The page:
Games such as Mafia Wars or Kingdom of Loathing limit play by giving the user a specific amount of resources to spend. As resources regenerate over a fixed period of time, more game time is allowed. Alternatively casual games may have very short round times, allowing players to divide up play time based on the number of rounds they want to play.
A turn-based word game, such as Scrabble maintains only the bare minimum of information on the game screen to allow a player to pick up exactly where they left off. Seeing the board, the score, and the last played word for example are enough to jog the player's memory about what the state of the game is. Arcade games tend to use what can be called a "zero memory design," that is, there is no memory necessary on the part of the player in order to start playing outside of the basic rules of play.
A game like Bookworm lets the player start playing immediately and doesn't require any a priori knowledge of the state of the game world. Depending on the style or intent of the game, these methods may be used in combination or on their own to achieve the ultimate goal of allowing users to define the play time investment for the game. In some ways these sorts of considerations have slowly been making their way into the domain of more hardcore games. The popular checkpoint based progression is an excellent example of how these principals can be applied.
In Gears of War, you can literally play the game for five minutes, make it though a couple of checkpoints and put it down. When you return, Marcus and Dom will be right where you left them. When compared to a game like Prototype, where you reach checkpoints but still have to play full missions in each sitting, you can see the difference between the two methods of game design.
The expectation of a zero-memory game is not really possible with the scope of larger titles, but through the use of detailed journals (e.g., Mass Effect) or innovative next-objective markers (e.g., Fable's trail of breadcrumbs), games can give the player more freedom to put the game down when life or responsibility calls. As the average gamer ages this becomes more important as adult responsibilities encroach on uninterrupted game time.
Speed of Game Play
There is very little waiting in casual games. While it is pretty easy to argue that casual games could be considered pure level grinding games, there is very little waiting in the course of actual game play. The casual game keeps the player constantly engaged throughout the course of the game with very little interaction that falls outside of the actual game mechanic space.
Ironically, while on the surface this aspect of casual game design seems to be the most difficult to integrate into long-form games, it is the idea that has been the most widely embraced. Transit beacons, hearthstones, and other fast travel shortcuts have been around for a decade (one of my favorite examples are the snake mirrors in World of Xeen).
It has become not just enough to give players a faster mount, but to give them the choice to jump to any point in the game world they have previously accessed. This can be implemented via an in-game item or, as is the case with Fable II, the player can simply choose to travel to a location and it loads as the in-game travel time passes them by. Other areas where more traditional games have sought to increase the speed of in-game play are in dialog and cutscene management.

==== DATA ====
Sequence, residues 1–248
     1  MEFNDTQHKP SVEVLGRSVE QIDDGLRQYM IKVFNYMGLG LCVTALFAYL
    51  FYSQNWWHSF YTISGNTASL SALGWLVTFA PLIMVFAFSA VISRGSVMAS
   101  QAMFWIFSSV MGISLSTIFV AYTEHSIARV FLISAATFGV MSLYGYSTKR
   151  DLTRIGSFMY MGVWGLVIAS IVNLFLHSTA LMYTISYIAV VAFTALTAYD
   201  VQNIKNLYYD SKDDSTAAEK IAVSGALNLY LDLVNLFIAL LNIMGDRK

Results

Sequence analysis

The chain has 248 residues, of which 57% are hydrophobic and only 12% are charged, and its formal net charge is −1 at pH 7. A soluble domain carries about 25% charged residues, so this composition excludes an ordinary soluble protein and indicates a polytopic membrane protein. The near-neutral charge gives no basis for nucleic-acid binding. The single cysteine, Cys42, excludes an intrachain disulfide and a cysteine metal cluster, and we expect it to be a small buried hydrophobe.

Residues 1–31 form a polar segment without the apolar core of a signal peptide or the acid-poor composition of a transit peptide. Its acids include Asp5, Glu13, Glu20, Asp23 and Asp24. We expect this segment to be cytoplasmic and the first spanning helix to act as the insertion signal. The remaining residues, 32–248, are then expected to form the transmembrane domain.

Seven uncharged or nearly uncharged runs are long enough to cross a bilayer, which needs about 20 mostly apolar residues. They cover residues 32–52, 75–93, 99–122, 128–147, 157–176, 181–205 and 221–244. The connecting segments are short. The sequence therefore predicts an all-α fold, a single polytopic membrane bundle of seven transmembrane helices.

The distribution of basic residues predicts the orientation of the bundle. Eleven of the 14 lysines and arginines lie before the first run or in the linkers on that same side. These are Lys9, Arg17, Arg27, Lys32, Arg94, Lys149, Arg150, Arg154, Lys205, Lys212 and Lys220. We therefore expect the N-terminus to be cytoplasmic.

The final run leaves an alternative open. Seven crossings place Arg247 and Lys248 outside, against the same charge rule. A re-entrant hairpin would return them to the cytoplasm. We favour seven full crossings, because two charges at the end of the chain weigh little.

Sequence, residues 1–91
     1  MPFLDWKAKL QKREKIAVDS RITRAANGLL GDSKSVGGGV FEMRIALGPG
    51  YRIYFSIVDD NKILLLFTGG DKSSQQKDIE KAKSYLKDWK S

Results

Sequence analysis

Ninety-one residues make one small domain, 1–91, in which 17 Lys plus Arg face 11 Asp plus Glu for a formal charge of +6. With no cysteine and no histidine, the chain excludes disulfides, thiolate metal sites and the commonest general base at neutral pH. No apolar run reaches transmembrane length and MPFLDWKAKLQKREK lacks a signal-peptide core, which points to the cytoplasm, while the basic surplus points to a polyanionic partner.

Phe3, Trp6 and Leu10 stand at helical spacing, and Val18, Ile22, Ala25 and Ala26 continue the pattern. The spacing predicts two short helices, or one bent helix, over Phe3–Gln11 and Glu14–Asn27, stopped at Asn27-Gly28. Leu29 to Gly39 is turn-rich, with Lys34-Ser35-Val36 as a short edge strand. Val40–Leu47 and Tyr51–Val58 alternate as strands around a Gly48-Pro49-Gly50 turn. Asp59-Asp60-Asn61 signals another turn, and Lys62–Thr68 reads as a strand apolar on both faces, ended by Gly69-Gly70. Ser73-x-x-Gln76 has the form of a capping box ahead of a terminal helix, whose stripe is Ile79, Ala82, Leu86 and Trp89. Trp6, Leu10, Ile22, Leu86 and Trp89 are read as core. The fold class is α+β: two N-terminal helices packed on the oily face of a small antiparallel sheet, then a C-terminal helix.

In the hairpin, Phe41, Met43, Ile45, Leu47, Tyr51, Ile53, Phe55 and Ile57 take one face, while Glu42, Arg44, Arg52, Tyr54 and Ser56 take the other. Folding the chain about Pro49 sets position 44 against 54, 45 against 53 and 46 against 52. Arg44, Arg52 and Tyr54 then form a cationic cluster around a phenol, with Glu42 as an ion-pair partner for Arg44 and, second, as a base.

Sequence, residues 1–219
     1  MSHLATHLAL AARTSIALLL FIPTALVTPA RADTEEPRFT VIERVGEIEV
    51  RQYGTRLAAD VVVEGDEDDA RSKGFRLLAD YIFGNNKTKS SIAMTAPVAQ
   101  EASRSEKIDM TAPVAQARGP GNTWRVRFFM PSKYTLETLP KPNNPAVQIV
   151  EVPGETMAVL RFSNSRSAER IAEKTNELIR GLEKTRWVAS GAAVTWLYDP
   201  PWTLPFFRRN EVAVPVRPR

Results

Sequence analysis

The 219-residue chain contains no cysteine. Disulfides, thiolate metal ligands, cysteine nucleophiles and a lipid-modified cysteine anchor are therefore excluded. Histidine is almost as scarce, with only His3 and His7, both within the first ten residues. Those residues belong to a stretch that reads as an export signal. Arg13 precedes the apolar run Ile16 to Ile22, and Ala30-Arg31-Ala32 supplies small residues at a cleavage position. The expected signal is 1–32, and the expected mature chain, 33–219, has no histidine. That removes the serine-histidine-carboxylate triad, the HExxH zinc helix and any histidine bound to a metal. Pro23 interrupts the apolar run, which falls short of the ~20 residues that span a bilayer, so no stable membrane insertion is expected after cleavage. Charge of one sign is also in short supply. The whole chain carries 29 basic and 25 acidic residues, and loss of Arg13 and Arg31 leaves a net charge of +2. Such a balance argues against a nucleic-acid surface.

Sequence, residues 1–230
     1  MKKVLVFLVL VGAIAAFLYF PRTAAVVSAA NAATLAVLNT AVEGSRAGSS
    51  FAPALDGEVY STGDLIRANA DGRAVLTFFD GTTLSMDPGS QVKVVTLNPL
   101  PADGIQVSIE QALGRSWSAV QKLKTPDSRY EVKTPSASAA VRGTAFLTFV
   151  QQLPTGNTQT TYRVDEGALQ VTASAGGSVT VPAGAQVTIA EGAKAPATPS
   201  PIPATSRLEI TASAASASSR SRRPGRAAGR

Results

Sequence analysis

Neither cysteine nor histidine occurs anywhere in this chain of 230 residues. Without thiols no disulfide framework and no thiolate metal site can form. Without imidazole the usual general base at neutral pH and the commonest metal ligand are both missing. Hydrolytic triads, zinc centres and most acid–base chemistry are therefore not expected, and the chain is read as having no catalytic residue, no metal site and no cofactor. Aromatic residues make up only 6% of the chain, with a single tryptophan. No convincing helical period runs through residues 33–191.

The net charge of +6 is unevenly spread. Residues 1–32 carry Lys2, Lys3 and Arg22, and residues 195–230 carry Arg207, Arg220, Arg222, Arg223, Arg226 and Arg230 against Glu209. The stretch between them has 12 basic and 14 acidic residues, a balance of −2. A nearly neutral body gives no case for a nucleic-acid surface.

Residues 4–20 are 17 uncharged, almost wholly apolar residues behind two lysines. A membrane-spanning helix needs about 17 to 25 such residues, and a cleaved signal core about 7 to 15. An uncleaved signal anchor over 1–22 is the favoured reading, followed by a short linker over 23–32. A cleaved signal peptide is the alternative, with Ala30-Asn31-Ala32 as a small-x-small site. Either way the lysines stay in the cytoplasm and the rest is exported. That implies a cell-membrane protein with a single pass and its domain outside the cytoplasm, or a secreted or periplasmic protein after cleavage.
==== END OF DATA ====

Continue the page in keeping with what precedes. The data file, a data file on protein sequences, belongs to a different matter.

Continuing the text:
Allowing players to adjust dialog speed, skip dialog entirely, or even skip cutscenes has made these games more accessible to the increasingly diverse user base. These design decisions accomodate both the player who simply wants to move from one battle to the next and the story driven player equally. Unfortunately there is also room for improvement. Many games are still rife with unskippable cutscenes, intros, and dialog. There is nothing more frustrating than falling to a boss and then waiting for them to elucidate their plans a second time.
Not only does it slow down play, it also diminishes the incentive to replay difficult sections after subsequent defeats. By offering a resume or continue option that allows players to try their luck again from the beginning of such a battle is an excellent way to avoid this slowdown. Even if players need to hear an enemy's speech, they should still have the option to skip it. As designers, it may seem like an easy out for the player to be able to skip around the map with little to no time penalty. In reality this fundamentally changes the world mechanics we're given to play with. We can make quests more epic in scope, make evil armies more geographically vast, and at the same time flatten the world and give the player more investment as a global hero.
It is easy to see that there are many aspects of casual game design which could be embraced by the game design community as whole. By integrating the design lessons learned from the causal games boom, long-form games can benefit in a number of ways. The addition of some casual game mechanics increases game appeal and provides the possibility of crossover between the casual and hardcore games markets.
Hardcore gamers also benefit from the adoption of causal game design principals because it makes the games they love more flexible and able to fit into their increasingly busy lives. While many companies are trying to win the casual games race outright, I think it is far more important to determine how the basic toolset of the casual game can benefit the traditional game designer and subsequently the industry as a whole.